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CDA implementation experiences in the UK

Publication date: Dec 04, 2012

The initial joint HL7 UK / DHID CDA Implementation Forum meeting focused on the implementation aspects of CDA, on template and example repositories, and featured a panel discussion on the best approach for the implementation of CDA documents within an application.

On November 4th (2012) HL7 UK held a joint meeting with the DHID CDA Implementation Forum. The CDA Implementation Forum is an initiative (started in August 2012) by the English NHS to share implementation best practices related to its CDA specifications (i.e. those part of the English ITK/MIM specifications).

Note for non-UK readers: the Interoperability Toolkit (ITK) is a HL7 v2, HL7 v3 message and CDA based implementation guide for use at the local/regional level within England. The Message Implementation Manual (MIM) is a HL7 v3 and CDA based implementation guide for use at the national level within England – the development of this specification has been on hold for the past 2 years or so, the focus is currently on the ITK. The Department of Health Information Directorate (DHID, part of the English NHS), and more precisely Connecting for Health (CfH) is responsible for the creation of the ITK and for accrediting compliant systems.

Participants of the joint HL7/DHID CDA Forum meeting

UK CDA Implementation experiences

First we had three presentations from those with CDA implementation experience in the UK . Below are the key points that I got out of the presentations:
  1. Keith Strahan (on behalf of the London health and social care information sharing programme) talks about their Adapter project. Current interoperability scenarios (e.g. Admit and Discharge forms) are based on sending fax. Theirs is a gradual approach: (a) start to use secure e-mail as a transport mechanism, maybe move to the ITK infrastructure afterwards, and (b) use a piece of middleware to map structured (MIM v3 messages) and unstructured documents (word documents) data to/from CDA for those organizations that can use structured data as defined in the ITK CDA profiles. The ITK specification needs updates to deal with the concept of middleware.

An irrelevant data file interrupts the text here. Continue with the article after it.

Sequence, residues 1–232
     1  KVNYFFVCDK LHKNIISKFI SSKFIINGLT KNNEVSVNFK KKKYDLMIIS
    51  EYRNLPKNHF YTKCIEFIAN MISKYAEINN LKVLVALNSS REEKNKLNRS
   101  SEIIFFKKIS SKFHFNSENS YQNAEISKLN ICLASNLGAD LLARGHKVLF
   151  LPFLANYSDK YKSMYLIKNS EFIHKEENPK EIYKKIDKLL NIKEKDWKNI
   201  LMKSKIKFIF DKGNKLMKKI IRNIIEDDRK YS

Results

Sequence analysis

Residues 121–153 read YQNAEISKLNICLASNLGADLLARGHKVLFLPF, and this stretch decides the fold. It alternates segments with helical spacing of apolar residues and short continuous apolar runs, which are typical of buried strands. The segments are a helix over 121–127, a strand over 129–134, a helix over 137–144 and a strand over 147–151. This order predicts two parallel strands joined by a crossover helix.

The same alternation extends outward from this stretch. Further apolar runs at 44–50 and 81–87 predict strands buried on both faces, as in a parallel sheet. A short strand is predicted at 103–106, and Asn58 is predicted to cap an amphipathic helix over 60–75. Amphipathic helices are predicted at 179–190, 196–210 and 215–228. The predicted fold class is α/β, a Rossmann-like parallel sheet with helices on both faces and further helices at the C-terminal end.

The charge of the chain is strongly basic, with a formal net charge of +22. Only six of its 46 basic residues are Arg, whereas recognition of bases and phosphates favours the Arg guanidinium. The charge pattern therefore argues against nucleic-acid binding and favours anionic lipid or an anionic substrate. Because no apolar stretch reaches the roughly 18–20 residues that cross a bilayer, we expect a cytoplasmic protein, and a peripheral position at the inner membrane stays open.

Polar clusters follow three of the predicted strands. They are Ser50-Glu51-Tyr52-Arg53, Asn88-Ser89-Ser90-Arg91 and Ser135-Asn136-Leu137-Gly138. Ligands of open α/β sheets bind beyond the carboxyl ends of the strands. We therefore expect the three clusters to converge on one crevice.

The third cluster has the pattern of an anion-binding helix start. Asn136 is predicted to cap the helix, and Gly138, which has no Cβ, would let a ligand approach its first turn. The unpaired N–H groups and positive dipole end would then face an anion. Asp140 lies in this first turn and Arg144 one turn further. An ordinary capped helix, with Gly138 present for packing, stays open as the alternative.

2. Nigel Miller (on behalf of the CLCH project for e-Communication, a London based primary healthcare provider oriented project) discusses a project related to the exchange of data between GPs. They looked at CDA as a potential format. However, CDA isn’t currently supported by GP systems, so they decided to fall back on Kettering XML (a legacy, non governed standard) which works with all GP systems. Need somehow to put pressure on suppliers to achieve ITK compliance. Keith Naylor (DHID/NHS) points out that there is an as of yet unsigned directive that GP systems at some point in the future will have to provide (at zero cost) support for the receipt of CDA.
  3. Dunmail Hodkinson (Black Pear Software) discusses a project that focuses on the implementation of an ophthalmology system based on iPads, and to link the outreach clinics that use these with hospital systems, particularly the OpenEyes application (an open source ophthalmology system). For example glaucoma findings (CfH already had a well-defined Glaucoma dataset, also inclusive of the IHE Eye Care profile). The clinical model is based on CKM (the OpenEHR Clinical Knowledge management tool). They ended up using the attachment feature in a CDA entry to convey the OpenEHR XML (mime type application/openehr+xml), in addition to a human readable text version in the section. This (in due time) allows for a migration of the openEHR XML content to CDA entries. They used the CDA API (an open source API for the ITK non-structured CDA specification) to create CDA quickly. Their conclusion: it’s a lot work to create CDA interfaces. Typically for a small projects: an ad hoc interface takes a week, this took 2 to 3 months.

Template management